Swing For the Kids Golf Tournament To Benefit Jamestown New Horizons
By Sandy Delcoure
At Jamestown New Horizons Riding for the Disabled love is spelled work. Director, Bonnie Oliver and her husband Oliver Grueninger, have devoted their lives 24/7 to help children with disabilities in the St. Louis Community. It gives them such satisfaction that they have not taken a vacation in years.
“There is nothing like the sound of the disabled child’s laughter ringing through the fields,” said Oliver Grueninger. “There is nothing like seeing the happiness in their eyes when they ride,” added Mrs. G, as Bonnie Grueninger is called. For the thirty years the Grueninger’s Jamestown Stable has been in operation, their emphasis has always been on quality horsemanship. This emphasis includes quality horsemanship for the special children with disabilities . The main mission of Jamestown New Horizons is to promote the health and quality of life for children with disabilities through therapeutic horseback riding.
The concept of disabled people riding horses first originated after World War II. War injured Germans and Englishmen who could not walk rode horses for transportation and rehabilitation. The effort was so successful that it was implemented throughout all of Europe, a continent known for its traditional emphasis on horsemanship.
In the United States, therapeutic horsemanship is sometimes wrongly viewed as a luxury rather than a basic need and exercise for the disabled. “People forget the disabled need fun and enjoyment too – something to break the routine of daily living. Riding gives them enjoyment and lets them experience the fun in life we so often take for granted,” said Bonnie. The muscles of the body used when walking are also used when riding through the motion and rhythm of the horse’s walk. The Grueningers said that horseback riding is physically therapeutic because it improves balance, increases strength and decreases tension in the bodies of the disabled children. These are proven benefits that apply to anyone who rides regularly.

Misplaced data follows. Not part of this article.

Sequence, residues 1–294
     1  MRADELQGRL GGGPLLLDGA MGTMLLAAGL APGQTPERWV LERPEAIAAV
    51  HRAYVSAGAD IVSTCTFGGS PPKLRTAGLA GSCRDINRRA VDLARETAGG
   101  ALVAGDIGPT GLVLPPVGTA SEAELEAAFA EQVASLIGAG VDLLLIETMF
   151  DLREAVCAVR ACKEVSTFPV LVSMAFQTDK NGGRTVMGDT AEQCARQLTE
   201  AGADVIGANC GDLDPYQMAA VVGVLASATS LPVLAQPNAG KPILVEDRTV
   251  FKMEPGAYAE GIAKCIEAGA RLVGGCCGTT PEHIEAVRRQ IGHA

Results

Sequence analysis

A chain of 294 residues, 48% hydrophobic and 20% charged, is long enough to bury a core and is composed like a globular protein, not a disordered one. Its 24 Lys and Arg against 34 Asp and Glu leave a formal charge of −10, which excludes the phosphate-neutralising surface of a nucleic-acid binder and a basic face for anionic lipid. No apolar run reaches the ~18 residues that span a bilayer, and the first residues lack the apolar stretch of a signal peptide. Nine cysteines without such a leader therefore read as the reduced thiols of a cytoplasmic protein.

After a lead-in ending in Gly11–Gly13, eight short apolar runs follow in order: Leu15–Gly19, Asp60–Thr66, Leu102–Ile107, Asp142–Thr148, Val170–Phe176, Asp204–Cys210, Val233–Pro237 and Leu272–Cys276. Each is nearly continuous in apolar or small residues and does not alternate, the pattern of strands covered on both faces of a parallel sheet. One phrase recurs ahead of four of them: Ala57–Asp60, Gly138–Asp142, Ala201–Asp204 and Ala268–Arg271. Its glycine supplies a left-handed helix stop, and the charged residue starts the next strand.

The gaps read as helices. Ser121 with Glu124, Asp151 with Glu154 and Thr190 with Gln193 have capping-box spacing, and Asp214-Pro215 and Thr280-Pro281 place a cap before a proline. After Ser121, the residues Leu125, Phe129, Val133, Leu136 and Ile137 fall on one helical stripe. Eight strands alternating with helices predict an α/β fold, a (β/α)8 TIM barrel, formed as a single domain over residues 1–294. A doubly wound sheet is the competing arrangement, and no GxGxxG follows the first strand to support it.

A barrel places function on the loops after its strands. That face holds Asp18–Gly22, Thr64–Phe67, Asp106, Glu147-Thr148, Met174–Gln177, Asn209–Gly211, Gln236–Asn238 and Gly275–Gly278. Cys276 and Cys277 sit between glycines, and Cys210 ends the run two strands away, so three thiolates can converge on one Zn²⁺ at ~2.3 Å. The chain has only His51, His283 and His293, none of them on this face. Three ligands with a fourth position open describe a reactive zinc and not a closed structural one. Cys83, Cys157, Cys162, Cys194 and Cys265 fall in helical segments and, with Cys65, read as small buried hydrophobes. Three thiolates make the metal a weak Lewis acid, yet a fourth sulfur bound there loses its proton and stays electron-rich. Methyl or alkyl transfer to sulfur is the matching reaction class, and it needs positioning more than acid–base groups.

Located on 20 acres of rolling hills one-half mile north of Jamestown Mall , JNH is ideally located to serve the needs of all St. Louis County. Children participating in JNH experience the refreshment of nature in the wonderful countryside surrounding the JNH stable. “There is something about a horse’s presence that lets them take the children so much closer to nature and wildlife than if they were on foot,” said Mrs. Grueninger. “We ride down to the marsh where we watch the frogs jump and where we feed the Canadian geese that stop on their seasonal migrations.”
Her husband added: “The horses seem to sense that these children are special and instinct tells them what to do to do to help the disabled, child ride. The horses are what cause the special child to react so positively to this particular sport,” he said.
JNH Board of Directors president, Dave Jones, who is co-chairman of the Swing for the Kids Golf Tournament fundraiser for JNH said, “JNH has changed our lives; it has made us appreciate life so much more. It has shown me that disabilities can be overcome, no matter how severe. I get so much joy watching my daughter, and I know that she is getting top notch instruction at the same time. “
If you would like to help make a difference in the lives of these special, disabled children participate in the JNH Swing for the Kids Golf Tournament on Friday, Sept. 14, at Crescent Farms Golf Club, 745 Lewis Road in Eureka. To reserve your space, call 314-741-5816 or download the registration form at JNH-GoneRiding.org.
If you are unable to participate in the golf tournament donations are greatly appreciated. Send donations to JNH Riding for the Disabled, 15350 Old Jamestown Rd., Florissant, MO, 63034. For more information or to volunteer for JNH call 314-741-5816.
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